Based on preliminary estimates released Friday 15th by the National Ski Areas Association (NSAA), U.S. ski areas tallied 57.1 million visits for the 2008/09 season, making it the fifth best season on record. Over the last 10 seasons (1999/00 – 2008/09), the industry has averaged 56.7 visits. The 2008/09 season represents a 0.8 percent increase from the 10-year average, and just a 5.5 percent decrease from the record 2007/08 season of 60.5 million visits. At 13.8 million visits in 2008/09, the Northeast region was up 5.5 percent from its 10-year average. Meanwhile the Southeast region, at 5.62 million visits, was up 3.8 percent from its 10-year average; the Midwest region, with 7.41 million visits, was down 1.1 percent from its 10-year average; the Rocky Mountain region, with 19.79 million visits, was up 1.3 percent from its 10-year average; and finally the Pacific West region, with 10.54 million visits, was down 5.8 percent from its 10-year average.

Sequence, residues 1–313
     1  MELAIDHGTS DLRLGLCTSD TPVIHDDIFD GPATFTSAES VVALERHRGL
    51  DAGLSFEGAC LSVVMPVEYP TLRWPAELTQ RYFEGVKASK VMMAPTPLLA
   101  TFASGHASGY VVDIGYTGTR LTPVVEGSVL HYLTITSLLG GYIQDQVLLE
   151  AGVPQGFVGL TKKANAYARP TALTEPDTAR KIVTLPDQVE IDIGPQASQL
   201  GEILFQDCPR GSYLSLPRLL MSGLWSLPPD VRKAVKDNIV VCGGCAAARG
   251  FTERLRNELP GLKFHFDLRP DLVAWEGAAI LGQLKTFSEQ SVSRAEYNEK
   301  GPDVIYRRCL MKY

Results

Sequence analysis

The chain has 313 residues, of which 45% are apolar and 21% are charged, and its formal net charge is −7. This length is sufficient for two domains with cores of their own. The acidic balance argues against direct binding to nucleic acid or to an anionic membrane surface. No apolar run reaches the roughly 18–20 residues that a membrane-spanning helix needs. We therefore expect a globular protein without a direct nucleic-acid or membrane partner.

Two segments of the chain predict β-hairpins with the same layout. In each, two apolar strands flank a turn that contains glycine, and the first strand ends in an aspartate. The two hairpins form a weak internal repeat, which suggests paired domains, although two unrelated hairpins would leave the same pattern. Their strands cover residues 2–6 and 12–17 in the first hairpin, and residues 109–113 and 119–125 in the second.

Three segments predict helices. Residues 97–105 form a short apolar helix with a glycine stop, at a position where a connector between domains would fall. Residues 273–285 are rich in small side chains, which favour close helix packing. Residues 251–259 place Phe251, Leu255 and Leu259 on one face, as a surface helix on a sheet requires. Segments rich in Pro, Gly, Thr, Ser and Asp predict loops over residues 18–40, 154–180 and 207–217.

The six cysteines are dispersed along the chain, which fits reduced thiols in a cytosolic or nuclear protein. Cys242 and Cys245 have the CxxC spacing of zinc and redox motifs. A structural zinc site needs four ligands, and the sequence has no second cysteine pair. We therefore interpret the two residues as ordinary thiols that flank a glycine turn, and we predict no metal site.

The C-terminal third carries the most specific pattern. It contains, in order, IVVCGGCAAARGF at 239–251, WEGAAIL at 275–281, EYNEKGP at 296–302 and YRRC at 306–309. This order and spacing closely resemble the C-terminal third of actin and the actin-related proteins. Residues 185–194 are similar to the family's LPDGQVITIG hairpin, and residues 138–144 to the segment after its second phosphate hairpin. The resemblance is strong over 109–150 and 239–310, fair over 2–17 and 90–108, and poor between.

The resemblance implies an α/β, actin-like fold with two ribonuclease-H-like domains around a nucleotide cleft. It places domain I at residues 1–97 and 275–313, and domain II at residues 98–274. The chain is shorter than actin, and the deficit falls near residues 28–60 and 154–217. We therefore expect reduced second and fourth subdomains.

Relatively favorable snow and weather conditions in most parts of the country during much of the season provided a strong counterbalance to the challenging economic conditions. Based on resort comments, the impact of the economy varied somewhat depending on resort location and resort type. Many day-ski areas in close proximity to major metropolitan markets benefitted as many guests chose to ski and ride at locations closer to home. Meanwhile destination resorts often reported fewer overnight visits and shorter stays. Many resorts commented that snow and weather conditions had a more powerful impact on their visitation than the economy.